Published: Nov. 5, 2021 By

Baker’s yeast has been the secret ingredient to successful sourdough during the COVID-19 pandemic — and it has enabled a scientific breakthrough. 

CU Boulder researchers have genetically modified a version of this fast-growing microorganism to express the viral spike proteins found on the COVID-19-causing virus, SARS-CoV-2. 

They’ve also used this yeast to develop a platform that quickly identifies new SARS-CoV-2 mutations that enable the virus to escape antibodies and infect cells. This information could aid the development of more effective booster vaccines and tailored antibody treatments for patients with severe cases of COVID-19.  

“We’ve developed a predictive tool that can tell you ahead of time which antibodies are going to be effective against circulating strains of the virus,” said Timothy Whitehead, associate professor of chemical and biological engineering and lead author of the 2021 research published in Cell Reports

But the implications for this technology are more profound.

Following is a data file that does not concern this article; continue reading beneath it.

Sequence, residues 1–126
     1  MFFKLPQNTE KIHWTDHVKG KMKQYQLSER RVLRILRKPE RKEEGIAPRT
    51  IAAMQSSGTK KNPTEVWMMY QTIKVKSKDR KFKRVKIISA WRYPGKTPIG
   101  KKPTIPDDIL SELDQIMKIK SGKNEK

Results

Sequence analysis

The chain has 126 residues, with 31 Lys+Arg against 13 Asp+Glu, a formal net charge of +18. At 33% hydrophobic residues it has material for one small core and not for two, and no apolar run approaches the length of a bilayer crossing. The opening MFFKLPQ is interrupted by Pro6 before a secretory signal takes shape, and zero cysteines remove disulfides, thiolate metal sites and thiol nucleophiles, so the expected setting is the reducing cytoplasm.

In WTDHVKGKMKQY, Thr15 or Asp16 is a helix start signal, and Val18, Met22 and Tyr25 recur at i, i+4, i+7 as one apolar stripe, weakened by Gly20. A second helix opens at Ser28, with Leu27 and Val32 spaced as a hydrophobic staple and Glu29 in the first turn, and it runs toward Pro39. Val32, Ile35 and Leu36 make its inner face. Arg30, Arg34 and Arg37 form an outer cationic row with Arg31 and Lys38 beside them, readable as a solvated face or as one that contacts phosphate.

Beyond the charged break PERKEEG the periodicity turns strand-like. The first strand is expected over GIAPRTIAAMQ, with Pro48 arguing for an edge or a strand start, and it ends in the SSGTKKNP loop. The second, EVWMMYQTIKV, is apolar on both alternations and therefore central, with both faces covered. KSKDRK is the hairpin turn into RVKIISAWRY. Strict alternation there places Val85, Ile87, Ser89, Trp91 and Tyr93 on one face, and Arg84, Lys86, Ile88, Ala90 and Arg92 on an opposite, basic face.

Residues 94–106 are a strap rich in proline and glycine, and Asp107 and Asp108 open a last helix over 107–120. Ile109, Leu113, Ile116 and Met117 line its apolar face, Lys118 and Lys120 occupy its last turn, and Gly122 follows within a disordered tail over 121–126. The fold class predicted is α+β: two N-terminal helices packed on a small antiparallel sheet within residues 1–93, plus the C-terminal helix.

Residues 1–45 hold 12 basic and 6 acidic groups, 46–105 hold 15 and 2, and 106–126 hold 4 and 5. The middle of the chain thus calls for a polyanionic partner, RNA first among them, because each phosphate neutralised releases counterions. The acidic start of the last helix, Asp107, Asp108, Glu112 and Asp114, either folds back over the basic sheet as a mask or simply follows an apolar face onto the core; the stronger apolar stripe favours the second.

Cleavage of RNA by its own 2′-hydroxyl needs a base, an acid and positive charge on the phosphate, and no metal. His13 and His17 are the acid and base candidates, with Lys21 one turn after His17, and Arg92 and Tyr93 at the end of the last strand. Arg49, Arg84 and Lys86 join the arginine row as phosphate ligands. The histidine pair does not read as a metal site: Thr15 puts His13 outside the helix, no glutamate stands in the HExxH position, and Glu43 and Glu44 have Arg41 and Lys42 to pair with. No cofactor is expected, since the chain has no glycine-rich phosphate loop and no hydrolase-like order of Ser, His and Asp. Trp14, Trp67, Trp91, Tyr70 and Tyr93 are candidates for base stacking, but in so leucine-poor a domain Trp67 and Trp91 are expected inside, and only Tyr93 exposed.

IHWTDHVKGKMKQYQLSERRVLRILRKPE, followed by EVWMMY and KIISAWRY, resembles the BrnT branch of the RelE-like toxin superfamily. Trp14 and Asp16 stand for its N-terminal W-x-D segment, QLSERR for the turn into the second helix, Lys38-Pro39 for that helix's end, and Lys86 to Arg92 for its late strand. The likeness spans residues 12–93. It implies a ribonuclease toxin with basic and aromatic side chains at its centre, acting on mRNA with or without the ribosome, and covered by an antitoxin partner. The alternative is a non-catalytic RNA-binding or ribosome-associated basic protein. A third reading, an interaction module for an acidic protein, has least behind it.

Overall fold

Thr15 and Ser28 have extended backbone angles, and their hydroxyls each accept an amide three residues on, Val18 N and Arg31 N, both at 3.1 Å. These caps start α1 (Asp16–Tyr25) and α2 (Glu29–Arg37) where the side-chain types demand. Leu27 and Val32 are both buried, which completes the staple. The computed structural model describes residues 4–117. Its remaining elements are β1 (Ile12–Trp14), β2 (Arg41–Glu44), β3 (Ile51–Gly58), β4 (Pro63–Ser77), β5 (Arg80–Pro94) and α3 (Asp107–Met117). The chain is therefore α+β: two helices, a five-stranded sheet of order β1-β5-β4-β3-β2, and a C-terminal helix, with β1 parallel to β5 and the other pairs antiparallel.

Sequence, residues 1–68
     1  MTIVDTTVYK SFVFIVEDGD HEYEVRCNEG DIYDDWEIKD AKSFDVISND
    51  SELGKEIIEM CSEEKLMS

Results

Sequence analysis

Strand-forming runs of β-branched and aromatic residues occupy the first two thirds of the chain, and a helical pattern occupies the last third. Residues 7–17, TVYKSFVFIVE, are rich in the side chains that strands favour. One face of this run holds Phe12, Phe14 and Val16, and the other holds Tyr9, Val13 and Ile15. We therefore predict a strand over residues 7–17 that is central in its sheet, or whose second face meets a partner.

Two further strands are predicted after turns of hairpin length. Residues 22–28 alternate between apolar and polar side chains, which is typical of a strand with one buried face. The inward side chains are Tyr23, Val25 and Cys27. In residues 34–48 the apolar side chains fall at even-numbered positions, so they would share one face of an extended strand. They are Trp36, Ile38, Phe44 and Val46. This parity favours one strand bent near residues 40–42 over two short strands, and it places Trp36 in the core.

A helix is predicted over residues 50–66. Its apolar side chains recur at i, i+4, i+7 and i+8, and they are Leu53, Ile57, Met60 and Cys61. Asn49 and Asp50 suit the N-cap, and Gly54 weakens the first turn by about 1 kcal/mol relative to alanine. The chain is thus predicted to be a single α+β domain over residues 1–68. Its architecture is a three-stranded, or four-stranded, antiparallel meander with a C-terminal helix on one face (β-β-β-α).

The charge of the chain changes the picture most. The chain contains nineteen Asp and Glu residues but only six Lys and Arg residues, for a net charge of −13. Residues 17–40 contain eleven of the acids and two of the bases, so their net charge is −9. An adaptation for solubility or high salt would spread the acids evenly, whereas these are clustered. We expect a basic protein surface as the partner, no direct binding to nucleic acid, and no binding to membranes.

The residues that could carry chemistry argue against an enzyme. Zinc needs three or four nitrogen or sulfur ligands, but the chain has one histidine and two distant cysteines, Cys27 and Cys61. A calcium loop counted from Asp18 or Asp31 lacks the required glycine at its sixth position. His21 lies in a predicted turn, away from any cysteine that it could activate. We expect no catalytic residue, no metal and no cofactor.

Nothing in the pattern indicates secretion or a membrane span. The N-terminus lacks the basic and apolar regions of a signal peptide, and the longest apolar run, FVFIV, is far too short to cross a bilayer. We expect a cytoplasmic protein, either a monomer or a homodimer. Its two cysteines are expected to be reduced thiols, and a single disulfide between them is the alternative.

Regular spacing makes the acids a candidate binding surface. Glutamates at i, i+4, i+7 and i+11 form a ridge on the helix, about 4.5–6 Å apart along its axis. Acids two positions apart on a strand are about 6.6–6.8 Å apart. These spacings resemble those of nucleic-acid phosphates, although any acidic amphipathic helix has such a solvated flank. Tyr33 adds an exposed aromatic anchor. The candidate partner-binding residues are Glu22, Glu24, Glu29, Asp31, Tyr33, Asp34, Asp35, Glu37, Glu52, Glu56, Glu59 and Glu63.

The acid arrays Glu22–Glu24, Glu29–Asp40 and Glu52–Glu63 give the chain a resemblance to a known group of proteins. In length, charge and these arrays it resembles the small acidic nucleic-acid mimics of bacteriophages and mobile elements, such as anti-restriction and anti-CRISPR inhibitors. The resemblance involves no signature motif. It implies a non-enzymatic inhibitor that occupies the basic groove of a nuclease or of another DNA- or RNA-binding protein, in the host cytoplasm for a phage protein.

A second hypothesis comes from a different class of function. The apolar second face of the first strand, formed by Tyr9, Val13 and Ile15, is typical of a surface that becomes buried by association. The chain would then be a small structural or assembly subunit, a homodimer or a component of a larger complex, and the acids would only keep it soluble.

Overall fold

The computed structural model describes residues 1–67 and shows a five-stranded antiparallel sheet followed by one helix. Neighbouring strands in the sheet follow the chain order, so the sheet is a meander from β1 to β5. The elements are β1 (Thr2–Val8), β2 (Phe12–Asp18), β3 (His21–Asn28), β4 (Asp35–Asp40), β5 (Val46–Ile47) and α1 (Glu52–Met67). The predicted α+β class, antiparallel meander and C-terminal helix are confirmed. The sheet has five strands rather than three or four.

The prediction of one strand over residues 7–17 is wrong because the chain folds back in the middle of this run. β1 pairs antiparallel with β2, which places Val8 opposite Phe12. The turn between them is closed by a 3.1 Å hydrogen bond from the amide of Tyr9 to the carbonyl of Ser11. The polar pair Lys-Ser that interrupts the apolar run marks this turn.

“If you can predict what the variants will be in a given season, you could get vaccinated to match the sequence that will occur and short-circuit this seasonal variation.” 

Researchers working in labs have predictively identified some of the same mutations circulating the globe, plus additional mutations with the potential to evade our immune systems. 

Due to the adaptability of new mRNA vaccines, which work with spike proteins, the applications of this research are not limited to one virus, said Whitehead.

 “You can use it for mapping trajectories for influenza and for HIV potentially; for other viral diseases that are known, and also potentially emerging pandemic ones,” he said. 

Read a longer version of this story in CU Boulder Today.

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Photos by Casey A. Cass